Heron cylinder head
A Heron cylinder head, or simply Heron head, is a design for the combustion chambers of the cylinder head on an internal combustion piston engine. The head is machined flat, with recesses only for inlet and exhaust valves, spark plugs, injectors and so on. The combustion chamber itself is contained within a dished depression in the top of the piston. The Heron head is suitable for petrol and diesel engines, for ohv and ohc valve-gear, and for small and large engine displacement capacities.
A flat cylinder head can be combined with simple flat-top pistons, but that choice ignores the reasons for having a depression in the top of each piston, namely: (i) it provides a compact space for combustion to begin, allowing an optimal flame front; and (ii) it creates significant "squish" as the piston reaches TDC. This causes turbulence, which is desirable because it promotes more extensive mixing of the fuel/air mixture: cf: cf1, cf2, cf3).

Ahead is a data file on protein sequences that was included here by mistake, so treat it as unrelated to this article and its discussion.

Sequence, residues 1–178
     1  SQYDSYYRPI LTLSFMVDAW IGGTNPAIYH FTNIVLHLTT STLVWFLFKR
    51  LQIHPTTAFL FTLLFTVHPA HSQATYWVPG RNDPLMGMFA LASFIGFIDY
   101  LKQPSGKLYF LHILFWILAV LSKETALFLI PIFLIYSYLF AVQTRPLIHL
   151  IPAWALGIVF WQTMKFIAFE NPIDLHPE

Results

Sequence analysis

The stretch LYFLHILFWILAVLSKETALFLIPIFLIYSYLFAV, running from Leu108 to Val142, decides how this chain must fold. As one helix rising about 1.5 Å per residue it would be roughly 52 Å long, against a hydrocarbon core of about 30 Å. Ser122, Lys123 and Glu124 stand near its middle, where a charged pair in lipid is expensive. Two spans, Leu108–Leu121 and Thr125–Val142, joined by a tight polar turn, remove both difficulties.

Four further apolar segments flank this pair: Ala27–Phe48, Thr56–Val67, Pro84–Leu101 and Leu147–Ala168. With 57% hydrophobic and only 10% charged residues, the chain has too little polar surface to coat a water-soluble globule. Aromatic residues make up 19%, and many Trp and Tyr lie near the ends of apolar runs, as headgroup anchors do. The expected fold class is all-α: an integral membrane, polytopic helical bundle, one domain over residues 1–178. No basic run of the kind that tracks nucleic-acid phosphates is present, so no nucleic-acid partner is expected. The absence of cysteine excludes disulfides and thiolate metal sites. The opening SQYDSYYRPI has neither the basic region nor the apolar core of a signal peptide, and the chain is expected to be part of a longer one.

Pros & Cons
- Advantages include: simplicity of manufacture; compact dimensions; accuracy of the flat machined surface; simplified valve-gear; efficient combustion with good fuel economy.
- Disadvantages include: the greater size and weight of each piston; volumetric efficiency poorer than conventional cylinder heads.
- Alfa Romeo Alfasud boxer engine
- Audi F103 pushrod four engine used in different Audi models of the 60s and 70s
- Moto Guzzi
- Moto Morini 3½ & 500
- Ford Essex V4 engine
- Ford Essex V6 engine
- Ford Kent engine
- Jaguar V12 engine
- Puma racing engines
- Rover 2000 P6
- VW EA827 engine (e.g. the 1600cc 100 bhp engine of Audi 80 GT)
- Volkswagen Wasserboxer Vanagon engines
- Volvo 200 B200K 110PS / B230K 117PS
- Volvo 700
- Volvo 900
Chevrolet 348-409 V8 engines, 1958-1965
Ford 383-410-430-462 "MEL" V-8 engines, 1958-1968
Ford 401-477-534 "Super Duty" V-8 engines, 1957-1982